Arts, Culture and Transportation: A Creative Placemaking Field Scan

September 27, 2017

By: ArtPlace America

We’re thrilled to announce with our partners at Transportation for America the publication of our most recent field scan: Arts, Culture and Transportation: A Creative Placemaking Field Scan!

In looking at who does community planning and development in America’s communities, we have found that our colleagues are generally organized into ten sectors: Agriculture & Food, Economic Development, Education & Youth, Environment & Energy, Housing, Immigration, Public Safety, Transportation, and Workforce Development. As a core part of our research agenda, we are exploring how arts and cultural practitioners are and might become partners in helping to achieve each of these sector’s goals.

The publication released today is one of several “field scans” that ArtPlace America has commissioned to begin this work. This one, conducted and authored by Transportation for America, seeks to illuminate key priorities for the transportation sector and to provide a framework for understanding the ways that arts and culture can help achieve transportation-specific goals.

Transportation systems can and should be a powerful tool to help people access opportunity, drive economic development, improve health and safety, and build the civic and social capital that binds communities together. Unfortunately, a historic, top-down, technocratic approach to transportation planning and design has failed to achieve these goals for everyone. This has resulted in transportation systems that do not equitably serve communities of color, low-income people, and other disadvantaged communities.


But there’s reason for optimism.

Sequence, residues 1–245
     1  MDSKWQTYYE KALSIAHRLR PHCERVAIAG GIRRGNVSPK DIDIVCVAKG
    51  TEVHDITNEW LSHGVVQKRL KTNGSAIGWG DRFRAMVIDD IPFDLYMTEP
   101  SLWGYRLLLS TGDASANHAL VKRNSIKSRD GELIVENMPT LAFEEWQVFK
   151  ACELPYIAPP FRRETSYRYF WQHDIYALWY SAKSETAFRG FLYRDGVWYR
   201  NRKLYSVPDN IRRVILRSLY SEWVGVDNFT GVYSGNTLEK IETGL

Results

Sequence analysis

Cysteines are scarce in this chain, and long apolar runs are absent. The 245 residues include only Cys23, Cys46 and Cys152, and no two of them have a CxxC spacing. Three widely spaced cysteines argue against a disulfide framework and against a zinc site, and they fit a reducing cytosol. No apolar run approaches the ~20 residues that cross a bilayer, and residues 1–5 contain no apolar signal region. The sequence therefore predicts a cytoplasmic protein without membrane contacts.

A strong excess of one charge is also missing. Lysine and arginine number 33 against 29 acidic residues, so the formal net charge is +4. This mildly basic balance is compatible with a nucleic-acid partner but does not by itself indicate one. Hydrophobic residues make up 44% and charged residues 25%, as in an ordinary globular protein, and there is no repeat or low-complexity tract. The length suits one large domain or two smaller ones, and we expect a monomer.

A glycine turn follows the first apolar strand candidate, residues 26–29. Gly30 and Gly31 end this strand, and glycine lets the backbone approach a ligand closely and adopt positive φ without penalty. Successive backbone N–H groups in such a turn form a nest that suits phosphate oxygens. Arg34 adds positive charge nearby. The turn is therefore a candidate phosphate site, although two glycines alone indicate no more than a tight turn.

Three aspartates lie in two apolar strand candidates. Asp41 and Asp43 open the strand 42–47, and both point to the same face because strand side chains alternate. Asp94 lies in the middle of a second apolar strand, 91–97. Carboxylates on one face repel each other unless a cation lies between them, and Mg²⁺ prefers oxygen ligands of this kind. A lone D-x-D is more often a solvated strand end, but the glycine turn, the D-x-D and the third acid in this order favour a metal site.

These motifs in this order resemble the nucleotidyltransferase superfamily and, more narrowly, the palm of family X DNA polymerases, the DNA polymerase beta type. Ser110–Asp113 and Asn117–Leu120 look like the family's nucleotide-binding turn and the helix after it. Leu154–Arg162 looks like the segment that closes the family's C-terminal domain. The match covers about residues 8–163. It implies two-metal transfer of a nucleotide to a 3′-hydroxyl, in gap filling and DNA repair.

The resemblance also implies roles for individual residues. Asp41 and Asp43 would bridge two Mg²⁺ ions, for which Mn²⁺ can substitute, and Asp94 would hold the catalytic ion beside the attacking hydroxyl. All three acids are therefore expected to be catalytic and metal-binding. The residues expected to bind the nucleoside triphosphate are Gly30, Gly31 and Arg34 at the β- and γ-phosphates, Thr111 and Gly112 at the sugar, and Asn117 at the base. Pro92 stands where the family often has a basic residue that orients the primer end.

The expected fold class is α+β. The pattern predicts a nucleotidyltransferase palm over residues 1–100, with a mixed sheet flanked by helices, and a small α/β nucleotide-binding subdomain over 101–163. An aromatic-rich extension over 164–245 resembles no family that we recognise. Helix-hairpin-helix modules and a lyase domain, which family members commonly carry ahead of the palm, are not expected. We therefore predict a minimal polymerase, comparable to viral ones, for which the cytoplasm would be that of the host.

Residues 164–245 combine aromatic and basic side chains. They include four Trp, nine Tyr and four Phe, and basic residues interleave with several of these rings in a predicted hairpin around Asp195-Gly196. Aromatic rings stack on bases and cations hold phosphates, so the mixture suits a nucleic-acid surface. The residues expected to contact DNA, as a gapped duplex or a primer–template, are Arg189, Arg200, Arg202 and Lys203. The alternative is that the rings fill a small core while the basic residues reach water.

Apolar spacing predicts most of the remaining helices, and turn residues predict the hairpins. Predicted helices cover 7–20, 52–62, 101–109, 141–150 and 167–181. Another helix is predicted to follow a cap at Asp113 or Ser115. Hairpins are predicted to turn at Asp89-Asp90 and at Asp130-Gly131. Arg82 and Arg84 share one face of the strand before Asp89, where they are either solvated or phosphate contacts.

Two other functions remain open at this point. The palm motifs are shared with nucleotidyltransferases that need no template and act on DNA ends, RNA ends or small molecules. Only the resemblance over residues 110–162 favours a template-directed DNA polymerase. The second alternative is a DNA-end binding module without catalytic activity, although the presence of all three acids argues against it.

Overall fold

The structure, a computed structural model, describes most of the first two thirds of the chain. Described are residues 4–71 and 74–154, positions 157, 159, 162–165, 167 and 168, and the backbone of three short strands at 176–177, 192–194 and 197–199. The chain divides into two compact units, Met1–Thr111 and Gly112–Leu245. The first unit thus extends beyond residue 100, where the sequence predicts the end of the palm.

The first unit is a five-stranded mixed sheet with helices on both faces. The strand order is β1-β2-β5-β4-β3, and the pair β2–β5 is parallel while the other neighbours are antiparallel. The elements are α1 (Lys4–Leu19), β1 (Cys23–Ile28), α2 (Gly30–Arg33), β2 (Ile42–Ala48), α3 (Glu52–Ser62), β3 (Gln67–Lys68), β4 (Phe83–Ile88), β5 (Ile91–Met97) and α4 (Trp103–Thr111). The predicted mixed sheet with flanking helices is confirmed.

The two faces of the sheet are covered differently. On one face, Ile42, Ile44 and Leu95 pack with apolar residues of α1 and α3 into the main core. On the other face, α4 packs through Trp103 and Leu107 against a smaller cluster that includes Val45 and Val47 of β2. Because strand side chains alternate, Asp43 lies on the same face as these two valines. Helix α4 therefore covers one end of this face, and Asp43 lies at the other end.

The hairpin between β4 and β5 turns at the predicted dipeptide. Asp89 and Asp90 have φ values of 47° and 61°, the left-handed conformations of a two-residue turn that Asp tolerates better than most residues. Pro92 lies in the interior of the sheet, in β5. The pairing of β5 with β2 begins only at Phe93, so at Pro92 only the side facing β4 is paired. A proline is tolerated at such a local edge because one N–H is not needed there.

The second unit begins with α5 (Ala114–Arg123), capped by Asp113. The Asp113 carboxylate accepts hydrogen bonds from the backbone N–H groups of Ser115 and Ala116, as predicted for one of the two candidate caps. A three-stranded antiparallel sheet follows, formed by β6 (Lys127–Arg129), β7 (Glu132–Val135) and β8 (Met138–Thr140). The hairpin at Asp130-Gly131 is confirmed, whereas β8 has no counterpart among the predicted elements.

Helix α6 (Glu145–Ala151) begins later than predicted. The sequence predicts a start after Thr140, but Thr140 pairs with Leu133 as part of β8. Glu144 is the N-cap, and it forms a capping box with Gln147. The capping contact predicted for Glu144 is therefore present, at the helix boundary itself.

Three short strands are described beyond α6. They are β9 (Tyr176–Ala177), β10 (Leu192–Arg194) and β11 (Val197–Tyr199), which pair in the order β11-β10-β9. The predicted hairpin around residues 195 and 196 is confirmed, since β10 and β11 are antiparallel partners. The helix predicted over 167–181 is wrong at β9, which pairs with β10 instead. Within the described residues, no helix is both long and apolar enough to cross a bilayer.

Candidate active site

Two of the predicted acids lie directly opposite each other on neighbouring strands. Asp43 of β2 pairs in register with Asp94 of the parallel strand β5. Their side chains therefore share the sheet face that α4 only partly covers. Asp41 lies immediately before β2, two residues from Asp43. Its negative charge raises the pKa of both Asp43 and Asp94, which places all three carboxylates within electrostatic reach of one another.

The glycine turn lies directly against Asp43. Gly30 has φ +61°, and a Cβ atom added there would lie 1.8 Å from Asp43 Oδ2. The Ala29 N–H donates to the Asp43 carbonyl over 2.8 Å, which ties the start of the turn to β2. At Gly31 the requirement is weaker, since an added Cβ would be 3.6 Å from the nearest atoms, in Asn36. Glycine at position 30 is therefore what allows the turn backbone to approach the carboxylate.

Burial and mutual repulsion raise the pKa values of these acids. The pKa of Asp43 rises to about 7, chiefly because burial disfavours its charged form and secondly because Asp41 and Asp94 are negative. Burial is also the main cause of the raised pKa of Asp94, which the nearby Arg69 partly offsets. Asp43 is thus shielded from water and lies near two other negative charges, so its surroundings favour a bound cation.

Eager to find a better way, scores of communities are collaborating with artists for new, creative approaches to planning and building new projects and solving pressing transportation challenges. This process known as creative placemaking is unfolding in communities across the country and transportation professionals are eager to know: what are the key trends and best practices?


Arts, Culture and Transportation: A Creative Placemaking Field Scan is a rigorous national examination of creative placemaking in the transportation planning process. Released in partnership with T4A, this new resource identifies ways that transportation professionals can integrate artists to deliver transportation projects more smoothly, improve safety, and build community support.


This field scan is available via our friends at Transportation for America.

Download the field scan here


For a deep dive into Arts, Culture and Transportation: A Creative Placemaking Field Scan, register now for the live webinar discussion happening on October 13, 2017 from 1:00-2:00 pm EDT.


Two of our other field scans are below, and the next one on the environment is coming soon:

Exploring the Ways Arts and Culture Intersects with Public Safety: Identifying Current Practice and Opportunities for Further Inquiry
Caroline Ross, Urban Institute 

Exploring the Ways Arts and Culture Intersects with Housing: Emerging Practices and Implications for Further Action 
Danya Sherman, ArtPlace America 


More about the Field Scans

Each field scan serves as a framing document for a working group tasked with taking the analysis and findings one step further, helping ArtPlace to identify the best practices that warrant formal case studies, key methods for evaluating success, and strategic framing of the material in a way that resonates with people most likely to take up creative placemaking practice in this sector. The field scan is not an end in itself, but an initial inquiry that, together with other field scans, will inform both ArtPlace’s work as well as those working at the intersection of art and community development more broadly.

Each field scan addresses two primary audiences: artists and other arts and cultural practitioners seeking to better understand and collaborate with a particular community development sector (in this case, the transportation sector); and community development practitioners who are interested in how arts and culture partners might further their work. Our ultimate goal is for these two audiences to develop a shared language and a set of mutual goals, so that communities will benefit from these powerful, cross-sector synergies.